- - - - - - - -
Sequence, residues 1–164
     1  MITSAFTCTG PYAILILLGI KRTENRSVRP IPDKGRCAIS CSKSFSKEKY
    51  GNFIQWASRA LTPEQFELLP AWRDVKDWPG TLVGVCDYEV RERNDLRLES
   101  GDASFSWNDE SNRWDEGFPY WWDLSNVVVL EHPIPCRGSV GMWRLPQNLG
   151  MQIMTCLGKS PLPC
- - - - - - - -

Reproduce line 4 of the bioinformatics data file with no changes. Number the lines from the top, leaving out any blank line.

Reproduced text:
   101  GDASFSWNDE SNRWDEGFPY WWDLSNVVVL EHPIPCRGSV GMWRLPQNLG